In lieu of an abstract, here is a brief excerpt of the content:

  • Archaeology, Epigraphy, Philology
  • Christopher T. Begg, Victor H. Matthews, William J. Urbrock, John Thomas Willis, Isaac M. Alderman, Todd R. Hanneken, and Paul R. Redditt

963. Knozama Al-Bahloul, "Rapport préliminaire sur les travaux de l'équipe syrienne à Ras Shamra-Ougarit en 2012," Études Ougaritiques IV (2016) 267-90.

During the six seasons of excavations conducted by them at Ugarit in the years 2005–2012, a Syrian archaeological team discovered a large building of ca. 900 m2 with further extensions to both the north and the south. It was built directly on the top level of the rampart. While its eastern limit is known, the western limit was disturbed by a Late Hellenistic level, dating to the 1st cent. b.c. Explorations carried out in 2012 concentrated on the structure's northern part with a view to ascertaining its northern limit. In light of work done so far, the structure has been found to consist of a total of 27 rooms, 3 courtyards, and 2 tombs. The building is dated by the excavators to the Late Bronze Age II–III. [Adapted from published abstract—C.T.B.]

964. Michel Al-Maqdissi and Eva Ishaq, "Notes d'archéologie levantine L. Rapport préliminaire de la première campagne de fouilles à Tell Shamiye (Nahr El-ʿArab) en 2010," Études Ougaritiques IV (2016) 291-310.

The authors provide a preliminary report on the first season of excavations at the site mentioned in their title. On the basis of initial probes, it has been determined that the site [End Page 337] consists of ten strata, beginning with the early Bronze Age. Early Bronze Age II at the site is characterized by a defensive system associated with a slope made with compacted earth and two walls, along with a necropolis consisting of tombs carved in rock and dating to the Middle Bronze Age and Late Bronze Age II–III. The Iron Age (late Phoenician period) was typified by an important large building located in the western part of the Tell. The authors regard this as the most important phase in the site's history; it is probably to be related to the establishment of the "Leukos Limen" discovered at Ugarit. [Adapted from published abstract—C.T.B.]

965. Elizabeth Arnold, Jeremy Beller, Adi Behar, David Ben-Shlomo, Tina L. Greenfield, and Haskel J. Greenfield, "Interregional Trade and Exchange at Early Bronze Age Tell eṣ-Ṣâfi/Gath," NEA 80 (2017) 264-67.

Demand for common objects such as chipped stone, ground stone, and bitumen was met during EBA by southern Levantine suppliers. For this purpose Tell eṣ-Ṣâfi/Gath was socioeconomically connected to other regions for inter-regional exchange of domestic commodities. Donkey caravans dramatically increased the flow of trade from Egypt and other regions in EBA. Dental isotopic analysis of donkey remains indicates the presence of Egyptian animals at Tell eṣ-Ṣâfi/Gath. Among other objects providing evidence of trade connections are copper items, hippopotamus ivory, faience beads, and ceramic vessels.—V.H.M.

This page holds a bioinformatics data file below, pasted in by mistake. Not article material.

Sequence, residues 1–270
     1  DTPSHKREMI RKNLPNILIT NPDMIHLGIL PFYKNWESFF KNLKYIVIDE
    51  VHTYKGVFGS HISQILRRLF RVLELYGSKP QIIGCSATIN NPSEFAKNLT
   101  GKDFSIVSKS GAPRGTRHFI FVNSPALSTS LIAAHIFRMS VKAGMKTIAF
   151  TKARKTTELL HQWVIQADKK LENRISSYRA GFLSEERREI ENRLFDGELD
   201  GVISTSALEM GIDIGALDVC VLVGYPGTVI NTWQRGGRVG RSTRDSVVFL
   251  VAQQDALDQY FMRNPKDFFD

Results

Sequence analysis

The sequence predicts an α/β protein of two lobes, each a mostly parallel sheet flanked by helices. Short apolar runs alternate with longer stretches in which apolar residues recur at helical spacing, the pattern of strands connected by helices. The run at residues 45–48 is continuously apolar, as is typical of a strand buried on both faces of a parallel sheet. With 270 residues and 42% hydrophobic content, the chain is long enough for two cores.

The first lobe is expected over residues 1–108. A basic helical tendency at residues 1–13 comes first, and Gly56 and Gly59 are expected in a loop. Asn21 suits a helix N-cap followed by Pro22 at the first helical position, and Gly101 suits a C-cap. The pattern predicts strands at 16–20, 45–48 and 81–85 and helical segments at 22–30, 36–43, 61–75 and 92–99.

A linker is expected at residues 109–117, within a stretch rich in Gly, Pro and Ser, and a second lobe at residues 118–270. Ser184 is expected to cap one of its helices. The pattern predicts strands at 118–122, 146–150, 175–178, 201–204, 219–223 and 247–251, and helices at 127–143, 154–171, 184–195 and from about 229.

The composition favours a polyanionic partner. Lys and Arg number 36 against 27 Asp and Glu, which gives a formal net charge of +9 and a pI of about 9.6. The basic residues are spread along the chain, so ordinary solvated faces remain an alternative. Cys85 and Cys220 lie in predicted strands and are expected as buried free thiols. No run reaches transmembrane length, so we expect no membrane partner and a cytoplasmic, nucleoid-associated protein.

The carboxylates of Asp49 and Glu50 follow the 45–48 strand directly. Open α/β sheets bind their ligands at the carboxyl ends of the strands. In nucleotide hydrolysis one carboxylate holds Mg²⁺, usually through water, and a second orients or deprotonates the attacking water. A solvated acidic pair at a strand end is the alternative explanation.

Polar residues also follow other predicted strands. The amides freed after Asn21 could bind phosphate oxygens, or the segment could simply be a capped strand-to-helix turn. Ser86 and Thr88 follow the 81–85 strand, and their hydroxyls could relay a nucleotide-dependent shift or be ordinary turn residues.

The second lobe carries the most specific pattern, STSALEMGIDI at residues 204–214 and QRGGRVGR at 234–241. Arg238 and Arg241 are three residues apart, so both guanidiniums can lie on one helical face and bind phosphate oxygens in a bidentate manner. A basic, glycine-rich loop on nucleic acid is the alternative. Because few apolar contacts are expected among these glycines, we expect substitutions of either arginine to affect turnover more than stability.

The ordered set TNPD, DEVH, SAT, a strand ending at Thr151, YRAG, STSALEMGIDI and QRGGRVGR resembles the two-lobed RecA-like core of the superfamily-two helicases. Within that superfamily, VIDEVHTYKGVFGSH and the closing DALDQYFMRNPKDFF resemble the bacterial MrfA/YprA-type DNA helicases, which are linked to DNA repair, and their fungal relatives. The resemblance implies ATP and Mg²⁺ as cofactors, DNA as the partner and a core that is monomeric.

966. Elizabeth R. Arnold and Haskel J. Greenfield, "Isotope Analysis from the Early Bronze Fauna at Tell eṣ-Ṣâfi/Gath," NEA 80 (2017) 261-63.

Stable carbon and oxygen isotopes and radiogenic strontium have been used to examine domestic animal provisioning during the EB period at Tell eṣ-Ṣâfi/Gath. This approach seeks to determine whether or not the distribution systems were direct, with suppliers and consumers exchanging on a face-to-face basis, or indirect, with third parties such as elite administrators obtaining animals or their products from herders and then distributing them to consumers. Each of these arrangements would have had implications not only for the economic organization of the city, but also for the social and political relationships within it.—V.H.M.

967. Jeremy A. Beller, "Early Bronze Age Basalt Vessel Remains from Tell eṣ-Ṣâfi/Gath," NEA 80 (2017) 279-81.

Three fragments deriving from three individual basalt vessels were discovered in EB levels at Tell eṣ-Ṣâfi/Gath. They were manufactured from black, compact basalt...

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Additional Information

ISSN
2639-2003
Print ISSN
0364-8591
Pages
pp. 337-367
Launched on MUSE
2019-03-05
Open Access
No
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